Turmeric: More than just a Spice

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Turmeric
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Turmeric has appeared practically everywhere, as a fashionable, healthy spice in regular foods such as popcorn and crackers, as well as in Instagram-worthy golden milk lattes, among other things. How efficient is turmeric in Australia in terms of health, and what precisely does it benefit the body and mind?

Turmeric has several health advantages.

According to historical records, turmeric isn’t simply a fad: it’s been used medicinally since roughly 1700 BC. Although some of the health advantages of turmeric have been examined more thoroughly than others, the favourable effects of the spice include anything from decreasing inflammation to combating particular cancer cells. Continue reading to learn more about the turmeric advantages that may benefit you.

It has anti-inflammatory properties.

Turmeric in Australia, used as an anti-inflammatory and anti-arthritic agent, has been documented in Ayurvedic and Eastern Asian medicine for hundreds of years. It has been shown that turmeric not only decreases current inflammation but also has the potential to prevent your body from releasing chemicals that cause inflammation in the first place, like how over-the-counter pain drugs operate.

The body’s inflammatory response is intended to protect us from damage and keep us safe, but it may go into overdrive at times if we are exposed to certain conditions. Turmeric’s active ingredient, curcumin, interacts with a wide range of molecules involved in inflammation, reducing excessive or chronic inflammation. The preliminary study results suggest that curcumin may have the capacity to alleviate inflammatory disorders such as gastrointestinal problems, arthritis, and pancreatitis, among others.

It assists in the digestion process.

Turmeric’s health advantages are well-known for its ability to aid with digestion. Because of its anti-inflammatory effects, the chemical is particularly effective in treating digestive diseases such as gas, bloating, and inflammatory bowel disease.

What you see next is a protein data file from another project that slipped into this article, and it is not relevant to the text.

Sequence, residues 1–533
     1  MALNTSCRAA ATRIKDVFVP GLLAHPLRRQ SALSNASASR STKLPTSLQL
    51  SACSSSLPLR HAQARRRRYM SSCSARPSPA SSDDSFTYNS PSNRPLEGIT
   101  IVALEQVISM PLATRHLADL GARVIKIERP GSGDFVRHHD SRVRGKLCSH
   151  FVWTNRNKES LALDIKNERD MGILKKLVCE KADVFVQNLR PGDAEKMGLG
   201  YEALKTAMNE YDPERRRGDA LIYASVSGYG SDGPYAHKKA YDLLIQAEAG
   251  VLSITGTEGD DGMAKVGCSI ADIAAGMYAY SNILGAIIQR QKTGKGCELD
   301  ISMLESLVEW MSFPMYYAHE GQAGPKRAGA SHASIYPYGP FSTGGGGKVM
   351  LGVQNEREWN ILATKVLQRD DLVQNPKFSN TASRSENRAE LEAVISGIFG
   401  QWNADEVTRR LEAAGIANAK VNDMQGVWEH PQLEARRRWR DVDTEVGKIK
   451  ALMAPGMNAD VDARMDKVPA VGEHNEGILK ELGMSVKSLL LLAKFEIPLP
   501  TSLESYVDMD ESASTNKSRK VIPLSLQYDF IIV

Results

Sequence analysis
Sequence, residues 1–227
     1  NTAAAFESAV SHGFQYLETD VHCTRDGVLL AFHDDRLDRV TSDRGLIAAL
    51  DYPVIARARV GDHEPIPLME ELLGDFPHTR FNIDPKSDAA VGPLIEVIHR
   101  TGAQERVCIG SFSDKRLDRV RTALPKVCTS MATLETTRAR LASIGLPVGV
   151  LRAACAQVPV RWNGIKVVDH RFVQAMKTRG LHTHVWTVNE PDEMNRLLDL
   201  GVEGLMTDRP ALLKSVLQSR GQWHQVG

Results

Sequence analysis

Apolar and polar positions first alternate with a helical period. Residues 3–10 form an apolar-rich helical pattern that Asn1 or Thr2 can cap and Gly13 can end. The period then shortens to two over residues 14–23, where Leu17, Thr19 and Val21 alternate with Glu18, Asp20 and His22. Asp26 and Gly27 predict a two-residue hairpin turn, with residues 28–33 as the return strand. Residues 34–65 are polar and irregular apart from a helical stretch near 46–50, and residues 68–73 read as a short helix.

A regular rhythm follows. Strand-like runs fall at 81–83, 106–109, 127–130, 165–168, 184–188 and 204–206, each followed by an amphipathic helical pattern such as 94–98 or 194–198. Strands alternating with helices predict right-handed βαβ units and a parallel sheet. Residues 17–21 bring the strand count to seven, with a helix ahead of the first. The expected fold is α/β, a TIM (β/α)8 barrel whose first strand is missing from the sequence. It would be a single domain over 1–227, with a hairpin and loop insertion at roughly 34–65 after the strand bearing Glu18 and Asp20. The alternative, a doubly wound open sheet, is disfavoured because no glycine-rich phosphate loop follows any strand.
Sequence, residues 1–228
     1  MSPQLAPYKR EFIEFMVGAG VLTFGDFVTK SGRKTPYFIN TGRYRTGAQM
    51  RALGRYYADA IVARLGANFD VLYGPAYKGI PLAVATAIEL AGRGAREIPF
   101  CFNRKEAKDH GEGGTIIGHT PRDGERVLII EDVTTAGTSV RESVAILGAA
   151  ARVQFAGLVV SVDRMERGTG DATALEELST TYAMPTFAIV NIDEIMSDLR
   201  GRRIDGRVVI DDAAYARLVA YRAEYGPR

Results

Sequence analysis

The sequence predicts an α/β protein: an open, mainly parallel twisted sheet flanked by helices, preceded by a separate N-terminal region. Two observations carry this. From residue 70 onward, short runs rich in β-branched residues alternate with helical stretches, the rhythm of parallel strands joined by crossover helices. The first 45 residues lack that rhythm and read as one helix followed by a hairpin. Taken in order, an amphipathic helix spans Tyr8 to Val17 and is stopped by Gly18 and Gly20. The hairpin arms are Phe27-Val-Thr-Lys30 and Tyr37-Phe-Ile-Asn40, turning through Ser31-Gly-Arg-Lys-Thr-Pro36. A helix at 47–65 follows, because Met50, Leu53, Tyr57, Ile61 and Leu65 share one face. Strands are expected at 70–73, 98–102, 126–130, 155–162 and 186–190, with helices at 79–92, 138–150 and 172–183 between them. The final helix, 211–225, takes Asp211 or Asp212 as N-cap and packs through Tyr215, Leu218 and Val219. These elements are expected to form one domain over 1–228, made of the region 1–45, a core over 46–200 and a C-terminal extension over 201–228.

It has anti-cancer capabilities.

According to some research, turmeric offers anti-cancerous qualities, especially for breast, intestinal, stomach, and skin cancer cells, among other types of cancer. The amount of laboratory research in this field is restricted; nonetheless, it does not substitute for standard cancer therapy. Because the use of herbal supplements will most likely not result in the disappearance of cancer, routine screening procedures, such as mammograms, pap tests, and colonoscopies, are highly recommended.

It aids in the regulation of blood sugar levels.

Curcumin, the highly active element in turmeric, has been proven to significantly reduce blood sugar levels, suggesting that it may be beneficial in treating or preventing Type 2 diabetes. However, further study on human subjects is required before it can be concluded that turmeric effectively prevents prediabetes from progressing to diabetes. To help prevent diabetes, it is recommended that you maintain a healthy BMI (20-25), engage in moderate activity for 30 minutes most days of the week, and avoid carbs as much as possible.

It is beneficial to one’s cardiovascular health.

Turmeric has been demonstrated to aid in the reduction of cholesterol and blood pressure, two illnesses that are often associated with one another. Turmeric can enhance overall heart health and decrease the risk of cardiovascular disease, including heart attacks, by decreasing cholesterol and blood pressure. It is recommended that those who use blood-pressure drugs talk with their doctor before commencing a turmeric regimen to address the possibility of bleeding complications—Monitor cholesterol levels with blood tests and blood pressure levels with regular assessments in the future.

It may be beneficial in the prevention of Alzheimer’s disease.

Turmeric, which is native to Southeast Asia and India, may help prevent or reduce the onset of Alzheimer’s disease. This may be because Indian residents regularly consume 125 mg of curcumin per day. Turmeric may also have the potential as a neuroprotective in treating Alzheimer’s disease. They consume a fundamentally different diet, with less processed foods and less meat, which may be confounding this decline in Alzheimer’s disease.

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